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      Sui, glad you can relate. Sometimes I feel like an idiot who is blogging into the wind. But even then, writing always helps me sort through my feelings. And usually, someone drops by to offer support. So thank you so much for joining the conversation!

  4. I just wanted to highlight something in your post. “Ugh, this can be hard because I’m good at giving but not receiving. You can count on me to make a dish for your pot luck dinner. But I hate to inconvenience others.”

    I was raised just like you, but maybe a little less pressure to avoid taking help. Anyway, I have now come to realize that there is an inherent hypocrisy/paradox in this quote above. If all we keep do is keep giving, we will run dry one day, emotionally, materially and in many other ways. It is hard to set the right boundaries, but parents ought to teach that, but most parents I know focus on teaching how to “no” to all offered help. Thank you so much for sharing your story…..

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      Average Guy, I’m grateful that you can relate. If your parents eased up at all on the “just say no” attitude, that’s a plus right there. At least you’re self-aware of the issue. The hardest thing for me is accepting the kindness you can’t pay for: unconditional love from people who care. But I’m making progress too!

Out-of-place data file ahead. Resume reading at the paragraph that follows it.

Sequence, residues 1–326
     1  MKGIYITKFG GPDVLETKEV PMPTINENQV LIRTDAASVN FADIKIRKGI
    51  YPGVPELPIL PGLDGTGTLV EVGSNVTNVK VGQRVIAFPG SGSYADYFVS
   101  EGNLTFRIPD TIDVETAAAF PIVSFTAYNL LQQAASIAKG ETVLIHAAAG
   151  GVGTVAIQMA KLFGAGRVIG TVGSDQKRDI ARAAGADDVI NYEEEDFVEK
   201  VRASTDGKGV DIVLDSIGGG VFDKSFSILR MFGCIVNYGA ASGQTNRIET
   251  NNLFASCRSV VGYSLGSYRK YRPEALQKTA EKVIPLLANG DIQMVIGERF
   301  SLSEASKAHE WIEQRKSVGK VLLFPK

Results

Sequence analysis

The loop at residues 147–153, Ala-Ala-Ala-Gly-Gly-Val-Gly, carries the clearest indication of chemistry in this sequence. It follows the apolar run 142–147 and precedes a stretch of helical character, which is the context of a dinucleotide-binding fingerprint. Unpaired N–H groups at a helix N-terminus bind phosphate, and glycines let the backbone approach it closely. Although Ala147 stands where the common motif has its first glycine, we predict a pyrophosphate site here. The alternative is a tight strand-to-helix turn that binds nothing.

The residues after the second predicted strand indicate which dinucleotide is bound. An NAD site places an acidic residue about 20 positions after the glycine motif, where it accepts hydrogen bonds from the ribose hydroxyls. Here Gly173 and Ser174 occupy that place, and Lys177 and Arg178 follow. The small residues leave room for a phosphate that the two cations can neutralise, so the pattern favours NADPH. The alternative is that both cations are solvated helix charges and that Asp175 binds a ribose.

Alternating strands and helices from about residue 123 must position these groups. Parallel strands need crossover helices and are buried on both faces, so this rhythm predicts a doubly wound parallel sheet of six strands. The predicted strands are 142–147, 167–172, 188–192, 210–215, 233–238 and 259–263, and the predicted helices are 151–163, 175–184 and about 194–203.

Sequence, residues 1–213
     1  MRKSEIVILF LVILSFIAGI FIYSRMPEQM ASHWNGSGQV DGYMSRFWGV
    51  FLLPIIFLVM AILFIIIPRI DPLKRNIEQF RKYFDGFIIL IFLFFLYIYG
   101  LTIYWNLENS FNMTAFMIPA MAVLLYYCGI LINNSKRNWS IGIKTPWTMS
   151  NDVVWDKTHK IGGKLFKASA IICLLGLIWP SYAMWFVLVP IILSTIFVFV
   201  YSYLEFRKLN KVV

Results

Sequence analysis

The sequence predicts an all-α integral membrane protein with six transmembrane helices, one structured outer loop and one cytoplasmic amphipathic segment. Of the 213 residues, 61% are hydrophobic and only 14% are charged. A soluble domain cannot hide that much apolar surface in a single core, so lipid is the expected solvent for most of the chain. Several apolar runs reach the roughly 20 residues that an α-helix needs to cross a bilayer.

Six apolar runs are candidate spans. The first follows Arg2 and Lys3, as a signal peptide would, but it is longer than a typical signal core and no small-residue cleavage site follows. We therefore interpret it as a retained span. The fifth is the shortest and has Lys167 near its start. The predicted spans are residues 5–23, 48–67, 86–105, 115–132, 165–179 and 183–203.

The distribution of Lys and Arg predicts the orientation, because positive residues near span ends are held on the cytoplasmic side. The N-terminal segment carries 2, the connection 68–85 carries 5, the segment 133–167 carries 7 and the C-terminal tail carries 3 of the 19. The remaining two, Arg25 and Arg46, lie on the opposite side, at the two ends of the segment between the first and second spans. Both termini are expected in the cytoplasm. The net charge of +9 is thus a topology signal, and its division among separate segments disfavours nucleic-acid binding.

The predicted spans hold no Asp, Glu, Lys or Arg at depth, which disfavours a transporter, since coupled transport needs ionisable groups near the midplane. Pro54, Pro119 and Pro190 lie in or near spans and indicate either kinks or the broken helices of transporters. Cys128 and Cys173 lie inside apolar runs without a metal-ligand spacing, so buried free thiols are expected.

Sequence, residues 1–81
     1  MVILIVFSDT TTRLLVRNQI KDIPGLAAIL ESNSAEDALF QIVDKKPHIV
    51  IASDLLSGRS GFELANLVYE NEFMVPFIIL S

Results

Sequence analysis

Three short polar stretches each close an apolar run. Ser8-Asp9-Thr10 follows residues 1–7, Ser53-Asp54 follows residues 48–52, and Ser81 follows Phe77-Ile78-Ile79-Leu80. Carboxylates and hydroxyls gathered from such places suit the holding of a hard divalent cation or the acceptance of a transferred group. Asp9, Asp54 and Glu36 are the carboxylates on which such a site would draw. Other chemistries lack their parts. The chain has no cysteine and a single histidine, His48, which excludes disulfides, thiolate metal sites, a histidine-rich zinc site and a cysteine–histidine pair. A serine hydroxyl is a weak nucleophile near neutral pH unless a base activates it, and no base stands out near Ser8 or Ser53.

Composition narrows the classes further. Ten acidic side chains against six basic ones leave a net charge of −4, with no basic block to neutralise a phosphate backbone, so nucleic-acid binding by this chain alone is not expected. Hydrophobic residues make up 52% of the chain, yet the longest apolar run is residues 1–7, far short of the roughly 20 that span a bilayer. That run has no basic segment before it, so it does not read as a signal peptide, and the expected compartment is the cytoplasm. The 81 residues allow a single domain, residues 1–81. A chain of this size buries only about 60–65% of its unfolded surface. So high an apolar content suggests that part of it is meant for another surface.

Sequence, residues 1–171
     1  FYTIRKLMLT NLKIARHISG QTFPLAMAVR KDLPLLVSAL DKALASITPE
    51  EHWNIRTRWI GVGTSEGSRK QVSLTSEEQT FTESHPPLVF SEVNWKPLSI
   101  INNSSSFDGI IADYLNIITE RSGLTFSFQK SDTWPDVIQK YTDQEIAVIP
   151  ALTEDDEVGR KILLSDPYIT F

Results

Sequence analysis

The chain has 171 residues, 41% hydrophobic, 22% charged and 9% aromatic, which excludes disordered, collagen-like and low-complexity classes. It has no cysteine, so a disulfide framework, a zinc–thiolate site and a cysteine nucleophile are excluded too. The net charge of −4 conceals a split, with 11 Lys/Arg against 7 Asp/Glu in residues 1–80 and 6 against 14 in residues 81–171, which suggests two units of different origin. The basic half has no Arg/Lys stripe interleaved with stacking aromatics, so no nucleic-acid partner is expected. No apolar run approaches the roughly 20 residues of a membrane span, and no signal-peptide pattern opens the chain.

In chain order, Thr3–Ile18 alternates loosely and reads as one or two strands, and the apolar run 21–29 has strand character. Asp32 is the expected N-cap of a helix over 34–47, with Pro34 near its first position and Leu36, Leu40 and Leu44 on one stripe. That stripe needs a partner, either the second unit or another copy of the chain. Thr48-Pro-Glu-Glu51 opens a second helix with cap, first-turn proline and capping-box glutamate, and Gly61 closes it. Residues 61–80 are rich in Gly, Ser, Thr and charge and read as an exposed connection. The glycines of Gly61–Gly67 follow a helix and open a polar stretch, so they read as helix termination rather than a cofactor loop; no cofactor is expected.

5. Asking for help has always been a struggle for me. I much prefer to “do it myself” even if it’s not the wisest move! Now, entering week 4 of recovery after bilateral knee surgery, I find I have no choice but to ask fro help from friends and family (including Betty!). Still it’s not easy and the only way to justify it is to know that I will “pay back” the favors latter. silly isn’t it! thank you for a great column Betty; perfect timing.

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      You’re welcome, Mary. The paying-back the favor thing is in my genes too. So hard to simply accept the generosity of others. But I’m grateful for their support. And good luck with the knee recovery!

  6. Another form of help is “paying forward.” Recently an old friend of mine took in a very nice young man who had lost his home and is enjoying having the company. His large, rent controlled apartment has the space and he is in a position to help the young man find a job and get on his feet – all very platonic. I mentioned I thought he was doing a good thing and he said “I’m just paying forward what you did for me.” 40 years ago, when my friend was a young man, his parents threw him out because he came out as gay. He came and stayed with me for over a year, until he got his life together. I never thought of it as much of a favor. I had a big house and was glad of the company, but evidently he felt the need to repay in this way and it did make me glad. It seems like a little help given can be a seed planted. The harvest may be a long time coming but it can be surprising.